The DB Browse binding is technically equivalent to the SQL Query binding, except that it helps write the queries for you. Using the database browser, you can pick the table that you want to pull content from. If you have a fixed range of data to choose, simply select it in the table, and watch the query get generated.

Video recorded using: Ignition 8.1


(open in window)

[00:00] In this lesson, we'll demonstrate the use of DB browse binding which is functionally equivalent to SQL query binding in that you can bring back specified data from a database. However, DB browse binding lets you visually select the database info of interest. You can pick the table you want to pull information from and you can see the query which gets dynamically generated this binding type can be really helpful. If you are trying to learn how to write SQL queries. So starting with this label component, I can select it's text property binding and select the SQL DB browse binding type this lets us see all Ignition database connections that exist. Selecting the db_iu database, I can see all tables that exist and I can select the customers table to preview. What it's data looks like for starters, let's display one specific table value back in our label. How about this first name in row 1, Matteo. If I select that DB element, you can see that the DB browse binding created the needed query for us select first name from customers where customer_id equals one in the first row. We'll go ahead and press OK and we see that Matteo is displayed on our label.

[01:27] Next, let's do likewise for a table. This time we'll select the table, go to its data property binding once again select the DB browse binding type The db_iu database and the customers table again here. I can select one or more values that I want to bring back and notice that in all cases. The auto-created query is updated accordingly. However notice that any data selection is limited to one particular row or DB record, I can't select multiple rows of data. This is because of this key column field here, which is like a filter on one specific customer ID. If we expand the customer's table, we see this little key icon on the customer_id to remove this as a key column. We simply select the customer ID field then press the icon with a key and tiny slash to remove the key icon since now we have no key columns.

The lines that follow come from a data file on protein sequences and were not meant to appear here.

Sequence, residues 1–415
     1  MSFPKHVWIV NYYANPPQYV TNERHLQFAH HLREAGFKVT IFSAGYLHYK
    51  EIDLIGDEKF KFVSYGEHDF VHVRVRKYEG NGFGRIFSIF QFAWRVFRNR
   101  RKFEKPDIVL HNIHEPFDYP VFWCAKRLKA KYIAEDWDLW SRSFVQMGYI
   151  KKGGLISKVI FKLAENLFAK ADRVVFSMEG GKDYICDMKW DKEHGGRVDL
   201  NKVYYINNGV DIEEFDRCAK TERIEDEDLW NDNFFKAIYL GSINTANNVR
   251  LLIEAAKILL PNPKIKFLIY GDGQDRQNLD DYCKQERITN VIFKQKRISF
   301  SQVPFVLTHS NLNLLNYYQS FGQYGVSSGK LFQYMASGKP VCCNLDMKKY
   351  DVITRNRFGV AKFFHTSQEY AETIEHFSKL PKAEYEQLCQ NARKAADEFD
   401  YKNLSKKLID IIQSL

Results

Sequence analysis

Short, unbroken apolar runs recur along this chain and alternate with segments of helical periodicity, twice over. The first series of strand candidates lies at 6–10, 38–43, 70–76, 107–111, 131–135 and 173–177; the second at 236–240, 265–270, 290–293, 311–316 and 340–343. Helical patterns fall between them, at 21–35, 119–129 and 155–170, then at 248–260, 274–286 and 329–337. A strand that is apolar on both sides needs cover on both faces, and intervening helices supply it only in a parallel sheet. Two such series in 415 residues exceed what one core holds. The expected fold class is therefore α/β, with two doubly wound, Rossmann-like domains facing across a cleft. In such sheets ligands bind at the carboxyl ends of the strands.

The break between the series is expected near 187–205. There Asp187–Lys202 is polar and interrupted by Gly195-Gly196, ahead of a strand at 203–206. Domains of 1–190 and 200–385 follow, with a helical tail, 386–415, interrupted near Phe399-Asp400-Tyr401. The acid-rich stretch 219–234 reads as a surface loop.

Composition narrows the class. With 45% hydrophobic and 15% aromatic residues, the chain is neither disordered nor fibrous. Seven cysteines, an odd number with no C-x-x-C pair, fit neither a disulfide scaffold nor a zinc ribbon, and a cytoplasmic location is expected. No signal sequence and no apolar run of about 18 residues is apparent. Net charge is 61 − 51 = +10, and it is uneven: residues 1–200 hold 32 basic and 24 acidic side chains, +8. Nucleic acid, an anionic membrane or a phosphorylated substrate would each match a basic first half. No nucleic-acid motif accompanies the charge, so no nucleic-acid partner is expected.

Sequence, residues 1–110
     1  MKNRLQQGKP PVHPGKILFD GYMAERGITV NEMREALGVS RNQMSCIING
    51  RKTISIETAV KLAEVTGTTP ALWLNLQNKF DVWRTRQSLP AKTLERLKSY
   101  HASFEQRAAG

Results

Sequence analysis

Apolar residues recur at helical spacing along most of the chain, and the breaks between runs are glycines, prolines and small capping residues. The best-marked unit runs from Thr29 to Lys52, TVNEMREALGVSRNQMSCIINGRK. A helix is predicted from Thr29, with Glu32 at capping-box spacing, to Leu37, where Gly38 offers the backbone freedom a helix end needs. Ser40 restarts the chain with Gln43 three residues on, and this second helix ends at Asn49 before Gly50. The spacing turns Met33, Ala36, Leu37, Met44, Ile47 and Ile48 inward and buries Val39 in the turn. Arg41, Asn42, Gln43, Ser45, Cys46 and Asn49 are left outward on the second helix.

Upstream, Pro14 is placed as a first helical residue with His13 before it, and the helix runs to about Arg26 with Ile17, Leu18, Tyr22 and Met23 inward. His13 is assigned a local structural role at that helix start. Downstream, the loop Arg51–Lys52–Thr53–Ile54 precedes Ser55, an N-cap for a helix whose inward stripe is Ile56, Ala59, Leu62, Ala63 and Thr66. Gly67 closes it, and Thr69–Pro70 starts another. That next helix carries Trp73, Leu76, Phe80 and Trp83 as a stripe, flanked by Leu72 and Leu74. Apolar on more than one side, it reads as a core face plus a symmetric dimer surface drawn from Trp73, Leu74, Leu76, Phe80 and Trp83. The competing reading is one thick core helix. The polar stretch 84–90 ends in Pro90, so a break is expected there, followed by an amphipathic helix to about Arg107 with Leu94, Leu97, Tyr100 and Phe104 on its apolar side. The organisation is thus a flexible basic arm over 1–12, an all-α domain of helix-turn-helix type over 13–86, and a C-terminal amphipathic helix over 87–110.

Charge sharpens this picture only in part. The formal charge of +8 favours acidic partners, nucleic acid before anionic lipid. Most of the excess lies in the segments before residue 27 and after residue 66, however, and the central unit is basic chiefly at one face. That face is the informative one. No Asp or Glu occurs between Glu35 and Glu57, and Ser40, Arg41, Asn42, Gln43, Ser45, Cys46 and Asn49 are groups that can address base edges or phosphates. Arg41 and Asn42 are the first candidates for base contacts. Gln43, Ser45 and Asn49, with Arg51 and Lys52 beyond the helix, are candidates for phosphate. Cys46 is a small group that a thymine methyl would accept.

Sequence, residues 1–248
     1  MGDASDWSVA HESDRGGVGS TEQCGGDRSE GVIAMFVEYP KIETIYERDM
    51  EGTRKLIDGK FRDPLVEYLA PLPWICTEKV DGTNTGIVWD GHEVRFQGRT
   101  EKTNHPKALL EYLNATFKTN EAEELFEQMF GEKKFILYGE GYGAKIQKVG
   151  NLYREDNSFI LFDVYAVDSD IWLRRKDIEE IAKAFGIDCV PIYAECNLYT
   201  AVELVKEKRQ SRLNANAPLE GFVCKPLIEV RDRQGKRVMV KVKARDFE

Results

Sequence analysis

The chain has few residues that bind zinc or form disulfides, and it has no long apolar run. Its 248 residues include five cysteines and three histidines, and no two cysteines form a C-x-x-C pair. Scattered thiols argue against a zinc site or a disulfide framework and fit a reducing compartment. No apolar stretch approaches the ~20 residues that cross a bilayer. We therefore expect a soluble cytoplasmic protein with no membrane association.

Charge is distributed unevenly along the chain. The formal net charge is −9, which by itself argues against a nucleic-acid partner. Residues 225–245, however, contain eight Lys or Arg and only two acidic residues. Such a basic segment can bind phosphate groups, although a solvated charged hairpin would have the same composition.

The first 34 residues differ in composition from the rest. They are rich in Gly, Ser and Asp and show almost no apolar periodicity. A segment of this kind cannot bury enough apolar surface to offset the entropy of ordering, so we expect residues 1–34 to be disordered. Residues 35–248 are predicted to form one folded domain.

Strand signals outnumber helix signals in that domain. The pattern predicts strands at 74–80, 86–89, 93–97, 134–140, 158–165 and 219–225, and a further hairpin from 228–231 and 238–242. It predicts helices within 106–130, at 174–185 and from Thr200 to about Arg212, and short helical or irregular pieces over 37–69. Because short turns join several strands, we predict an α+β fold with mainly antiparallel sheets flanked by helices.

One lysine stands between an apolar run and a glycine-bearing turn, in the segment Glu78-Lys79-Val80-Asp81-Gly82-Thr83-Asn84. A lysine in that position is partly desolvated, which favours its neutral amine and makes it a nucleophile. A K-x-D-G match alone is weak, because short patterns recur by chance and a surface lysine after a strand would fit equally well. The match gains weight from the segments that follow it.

[02:30] Now, we can retrieve multiple records for multiple columns of data. So suppose we want to return all customers the first name the last name and the email address. We can simply select all records and notice that the needed query is auto-generated as always: select first name, last name, email from customers. If we then press OK we see that all the specified data is returned to our table. DB browse binding also allows us to do ordering of data.

[03:02] Let's select the table once more then select its data binding. And right now we have three fields selected but let's say now we want to sort by first name A to Z. We'll select the first name then on the right. We have this sort icon where we can sort off ascending, descending, and no sort at all. So note that the generated query is updated each time to reflect our selection. We'll click this one more time to sort ascending A to Z. Now, we can also select the first name, last name, and email columns again. Click OK and we see the same data as before only this time sorted A to Z on the first name. So, wrapping up, it's quite easy to use the DB browse binding type to visually pick and choose data to return from database tables as well as dynamically create the needed SQL queries.

You are editing this transcript.

Make any corrections to improve this transcript. We'll review any changes before posting them.